Mother's left leg was the first; last year she was hospitalized for two weeks and required a skin graft in upper calf area. After 'favoring' the left and not following instruction, the right now has the same problem -minus graft. Since May of this year (2013), five more hospital stays have occurred. Each time for the problem of swelling. When I say 'swelling', believe me, they have the appearance of an elephant leg....there is NO definition from mid calf to end of toes....NONE.

Anyway, as correct blood circulation is vital to all organs it is unlikely the brain will function 'normally' with this edema and disorders, such as Dementia set in.

Mother will not follow advise (aka DIRECTIONS) from anyone. When told to put prescribed compression stocking on before getting active for the day, or take a rest (half hour up-and-about, followed by at least an hour in recliner w/feet up, above heart level), there is, more times then not, resentment. Don't matter how it's presented, caring tone or stern, the tone is an order in Mother's mind; that is perceived as 'I'm your mother. Why are you (talking, treating, etc.) me this way? I didn't raise you to be like this.' And so, the battle rages on to do what. It is heart-breaking to see someone like this, especially our parents. So we do what we can, and pray to the Deity for strong.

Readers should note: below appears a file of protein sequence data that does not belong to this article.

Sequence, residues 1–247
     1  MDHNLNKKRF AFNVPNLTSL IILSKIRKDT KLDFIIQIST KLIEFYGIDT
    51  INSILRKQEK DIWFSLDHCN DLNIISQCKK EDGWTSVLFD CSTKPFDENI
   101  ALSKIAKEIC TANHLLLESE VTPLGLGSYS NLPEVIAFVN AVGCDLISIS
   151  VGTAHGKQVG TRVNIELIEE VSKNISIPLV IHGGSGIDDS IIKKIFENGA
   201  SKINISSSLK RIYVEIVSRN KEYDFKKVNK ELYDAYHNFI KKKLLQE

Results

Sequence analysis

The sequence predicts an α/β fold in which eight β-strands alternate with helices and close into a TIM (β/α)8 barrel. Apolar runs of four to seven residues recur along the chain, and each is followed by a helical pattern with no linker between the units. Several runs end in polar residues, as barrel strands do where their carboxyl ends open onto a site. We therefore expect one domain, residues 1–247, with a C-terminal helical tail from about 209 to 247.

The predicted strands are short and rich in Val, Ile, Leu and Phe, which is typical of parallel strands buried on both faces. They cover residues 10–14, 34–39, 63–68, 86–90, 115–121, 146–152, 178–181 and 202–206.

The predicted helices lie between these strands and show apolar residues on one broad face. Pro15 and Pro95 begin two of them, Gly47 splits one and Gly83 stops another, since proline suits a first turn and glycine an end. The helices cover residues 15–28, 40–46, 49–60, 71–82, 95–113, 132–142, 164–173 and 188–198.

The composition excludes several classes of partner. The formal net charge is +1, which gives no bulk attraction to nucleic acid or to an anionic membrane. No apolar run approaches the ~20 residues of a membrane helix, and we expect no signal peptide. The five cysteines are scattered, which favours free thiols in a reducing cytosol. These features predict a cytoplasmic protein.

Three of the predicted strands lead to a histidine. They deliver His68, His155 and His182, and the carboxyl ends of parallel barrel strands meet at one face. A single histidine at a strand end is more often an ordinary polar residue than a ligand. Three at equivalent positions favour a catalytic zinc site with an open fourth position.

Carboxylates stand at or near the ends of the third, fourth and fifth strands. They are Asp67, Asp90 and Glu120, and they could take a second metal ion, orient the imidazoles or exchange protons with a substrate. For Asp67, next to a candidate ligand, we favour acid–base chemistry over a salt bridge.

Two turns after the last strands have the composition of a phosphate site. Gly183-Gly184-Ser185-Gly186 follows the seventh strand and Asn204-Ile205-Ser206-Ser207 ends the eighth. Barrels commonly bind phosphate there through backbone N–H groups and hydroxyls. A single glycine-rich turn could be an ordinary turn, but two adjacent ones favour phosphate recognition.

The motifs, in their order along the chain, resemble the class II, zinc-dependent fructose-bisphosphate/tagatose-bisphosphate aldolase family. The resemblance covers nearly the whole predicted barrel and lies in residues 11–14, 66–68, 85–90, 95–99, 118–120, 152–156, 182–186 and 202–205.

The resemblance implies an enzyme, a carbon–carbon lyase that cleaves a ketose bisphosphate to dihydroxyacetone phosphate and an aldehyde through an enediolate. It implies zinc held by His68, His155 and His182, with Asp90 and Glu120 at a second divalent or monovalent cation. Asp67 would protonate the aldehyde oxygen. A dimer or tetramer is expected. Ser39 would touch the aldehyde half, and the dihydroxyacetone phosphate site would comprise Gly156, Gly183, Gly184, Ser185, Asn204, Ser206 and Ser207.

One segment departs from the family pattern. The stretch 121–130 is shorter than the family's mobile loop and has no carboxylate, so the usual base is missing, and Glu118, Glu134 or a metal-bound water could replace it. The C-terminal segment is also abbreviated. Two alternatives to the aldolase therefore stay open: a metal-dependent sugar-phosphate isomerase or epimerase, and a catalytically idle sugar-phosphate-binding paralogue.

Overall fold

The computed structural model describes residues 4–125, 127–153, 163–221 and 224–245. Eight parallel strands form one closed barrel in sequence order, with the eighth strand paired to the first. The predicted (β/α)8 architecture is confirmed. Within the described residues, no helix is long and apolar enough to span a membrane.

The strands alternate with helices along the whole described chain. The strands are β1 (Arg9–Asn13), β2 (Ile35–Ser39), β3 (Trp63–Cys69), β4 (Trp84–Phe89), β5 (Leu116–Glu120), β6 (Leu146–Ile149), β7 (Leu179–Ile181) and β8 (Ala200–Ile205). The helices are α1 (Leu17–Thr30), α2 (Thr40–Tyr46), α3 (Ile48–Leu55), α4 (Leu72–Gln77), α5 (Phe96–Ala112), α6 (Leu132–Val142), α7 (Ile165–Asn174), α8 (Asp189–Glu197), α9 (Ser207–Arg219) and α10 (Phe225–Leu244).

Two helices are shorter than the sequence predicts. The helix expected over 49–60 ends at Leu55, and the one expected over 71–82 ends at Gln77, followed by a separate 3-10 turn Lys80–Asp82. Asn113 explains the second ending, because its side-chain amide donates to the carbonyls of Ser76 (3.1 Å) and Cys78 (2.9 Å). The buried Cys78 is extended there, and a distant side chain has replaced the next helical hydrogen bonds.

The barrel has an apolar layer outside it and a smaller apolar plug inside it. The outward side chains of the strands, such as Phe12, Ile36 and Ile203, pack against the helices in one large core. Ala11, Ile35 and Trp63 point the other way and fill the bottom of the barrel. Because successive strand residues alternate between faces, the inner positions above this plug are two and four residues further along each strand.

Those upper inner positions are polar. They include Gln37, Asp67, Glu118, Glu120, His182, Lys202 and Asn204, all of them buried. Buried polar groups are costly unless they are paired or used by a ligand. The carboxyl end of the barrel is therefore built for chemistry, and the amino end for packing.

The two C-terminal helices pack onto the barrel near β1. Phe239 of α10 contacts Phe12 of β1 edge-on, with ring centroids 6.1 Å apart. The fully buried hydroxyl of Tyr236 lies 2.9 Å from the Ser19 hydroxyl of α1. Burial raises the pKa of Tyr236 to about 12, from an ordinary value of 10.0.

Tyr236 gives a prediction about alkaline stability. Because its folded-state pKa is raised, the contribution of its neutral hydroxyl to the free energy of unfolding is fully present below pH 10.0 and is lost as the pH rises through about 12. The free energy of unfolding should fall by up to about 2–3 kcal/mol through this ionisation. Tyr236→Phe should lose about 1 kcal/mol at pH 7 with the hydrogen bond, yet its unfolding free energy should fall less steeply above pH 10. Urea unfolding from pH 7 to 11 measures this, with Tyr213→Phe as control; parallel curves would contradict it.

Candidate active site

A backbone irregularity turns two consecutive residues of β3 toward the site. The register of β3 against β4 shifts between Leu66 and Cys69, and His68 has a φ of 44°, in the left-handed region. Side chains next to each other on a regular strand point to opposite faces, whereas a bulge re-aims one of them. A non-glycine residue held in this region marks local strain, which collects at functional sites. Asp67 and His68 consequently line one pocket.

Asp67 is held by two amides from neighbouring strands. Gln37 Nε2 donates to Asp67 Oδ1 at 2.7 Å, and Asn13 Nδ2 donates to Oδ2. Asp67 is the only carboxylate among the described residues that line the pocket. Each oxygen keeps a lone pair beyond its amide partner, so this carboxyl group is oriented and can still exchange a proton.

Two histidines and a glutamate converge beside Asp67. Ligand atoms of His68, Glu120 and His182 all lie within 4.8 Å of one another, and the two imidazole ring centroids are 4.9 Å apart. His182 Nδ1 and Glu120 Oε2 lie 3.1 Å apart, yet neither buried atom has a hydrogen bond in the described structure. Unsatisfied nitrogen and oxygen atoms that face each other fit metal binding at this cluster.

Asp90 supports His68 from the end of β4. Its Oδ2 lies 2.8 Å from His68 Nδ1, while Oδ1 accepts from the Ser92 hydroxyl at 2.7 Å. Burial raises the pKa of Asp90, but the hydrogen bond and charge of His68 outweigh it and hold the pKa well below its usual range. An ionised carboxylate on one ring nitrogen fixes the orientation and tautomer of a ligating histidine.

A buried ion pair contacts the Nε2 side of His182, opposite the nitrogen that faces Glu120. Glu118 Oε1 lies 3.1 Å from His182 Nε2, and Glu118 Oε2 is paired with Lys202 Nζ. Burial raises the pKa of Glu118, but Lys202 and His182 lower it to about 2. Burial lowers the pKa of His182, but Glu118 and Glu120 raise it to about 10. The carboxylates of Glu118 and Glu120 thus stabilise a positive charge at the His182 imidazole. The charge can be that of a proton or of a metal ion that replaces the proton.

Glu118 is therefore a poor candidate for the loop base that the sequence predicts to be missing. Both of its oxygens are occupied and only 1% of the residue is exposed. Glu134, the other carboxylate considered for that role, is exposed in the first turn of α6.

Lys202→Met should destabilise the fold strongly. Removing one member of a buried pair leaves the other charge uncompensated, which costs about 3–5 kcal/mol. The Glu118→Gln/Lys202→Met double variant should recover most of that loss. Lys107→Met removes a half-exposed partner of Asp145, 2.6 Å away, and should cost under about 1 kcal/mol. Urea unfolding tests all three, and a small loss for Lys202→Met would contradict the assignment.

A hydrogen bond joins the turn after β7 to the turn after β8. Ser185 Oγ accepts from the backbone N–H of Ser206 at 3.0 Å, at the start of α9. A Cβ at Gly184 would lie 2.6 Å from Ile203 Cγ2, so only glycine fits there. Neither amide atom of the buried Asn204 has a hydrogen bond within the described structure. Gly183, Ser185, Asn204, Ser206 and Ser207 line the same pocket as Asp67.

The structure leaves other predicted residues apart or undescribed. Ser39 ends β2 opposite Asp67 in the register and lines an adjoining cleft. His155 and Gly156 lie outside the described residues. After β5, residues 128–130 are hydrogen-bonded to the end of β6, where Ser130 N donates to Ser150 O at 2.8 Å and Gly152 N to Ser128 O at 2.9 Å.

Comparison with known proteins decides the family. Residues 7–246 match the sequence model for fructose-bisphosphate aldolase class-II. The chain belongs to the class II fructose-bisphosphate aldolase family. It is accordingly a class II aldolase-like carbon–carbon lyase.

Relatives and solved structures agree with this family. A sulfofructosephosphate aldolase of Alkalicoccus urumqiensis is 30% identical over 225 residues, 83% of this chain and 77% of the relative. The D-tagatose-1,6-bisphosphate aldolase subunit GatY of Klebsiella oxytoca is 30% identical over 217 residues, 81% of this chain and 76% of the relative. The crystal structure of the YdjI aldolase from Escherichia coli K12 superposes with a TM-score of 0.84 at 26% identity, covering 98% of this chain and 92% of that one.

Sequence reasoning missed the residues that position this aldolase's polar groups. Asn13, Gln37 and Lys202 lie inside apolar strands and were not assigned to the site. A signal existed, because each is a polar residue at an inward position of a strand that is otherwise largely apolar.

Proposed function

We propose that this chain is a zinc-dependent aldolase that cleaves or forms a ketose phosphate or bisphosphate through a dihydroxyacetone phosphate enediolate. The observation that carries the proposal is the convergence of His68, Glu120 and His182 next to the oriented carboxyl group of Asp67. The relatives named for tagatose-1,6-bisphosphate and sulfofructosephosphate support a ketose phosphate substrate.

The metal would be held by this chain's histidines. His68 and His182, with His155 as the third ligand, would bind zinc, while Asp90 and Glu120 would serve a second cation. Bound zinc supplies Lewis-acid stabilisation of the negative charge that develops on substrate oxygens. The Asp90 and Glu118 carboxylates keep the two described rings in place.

Today is Thanksgiving Day and I give thanks to Him for the blessings bestowed on us, and ask for guidance through our troubling times. Amen.
Helpful Answer (1)
Report

Mantis? Mentis! That wasn't me, that was automatic spelling corrector, I promise…

Conjures up a cute new animal species, though! Any cartoonists around?
Helpful Answer (0)
Report

On the "sharp as a tack" v. "very confused" point: how can you explain to people that mental function doesn't have an On/Off switch? That you don't go from compos mantis to completely gaga just like that?

I'm struggling with getting family to engage normally with my mother: it's as though, because sometimes she doesn't remember some things, or muddles events when she talks about them, or appears not to know what day it is, they think she understands nothing at all. And we've barely started out with this thing!
Helpful Answer (0)
Report